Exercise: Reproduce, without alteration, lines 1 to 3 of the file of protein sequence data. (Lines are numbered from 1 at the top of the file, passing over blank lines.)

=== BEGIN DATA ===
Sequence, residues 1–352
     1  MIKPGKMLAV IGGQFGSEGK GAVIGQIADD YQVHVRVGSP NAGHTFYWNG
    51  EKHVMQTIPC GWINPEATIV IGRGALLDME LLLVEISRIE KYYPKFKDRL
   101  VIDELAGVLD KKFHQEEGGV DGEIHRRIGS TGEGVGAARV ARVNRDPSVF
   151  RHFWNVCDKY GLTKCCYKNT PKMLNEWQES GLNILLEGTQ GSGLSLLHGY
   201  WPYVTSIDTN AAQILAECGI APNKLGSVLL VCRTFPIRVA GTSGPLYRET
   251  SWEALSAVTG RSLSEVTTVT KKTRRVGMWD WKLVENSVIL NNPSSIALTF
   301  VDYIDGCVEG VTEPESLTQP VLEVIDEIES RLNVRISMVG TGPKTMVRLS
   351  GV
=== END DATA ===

Sequence, residues 1–352
     1  MIKPGKMLAV IGGQFGSEGK GAVIGQIADD YQVHVRVGSP NAGHTFYWNG
    51  EKHVMQTIPC GWINPEATIV IGRGALLDME LLLVEISRIE KYYPKFKDRL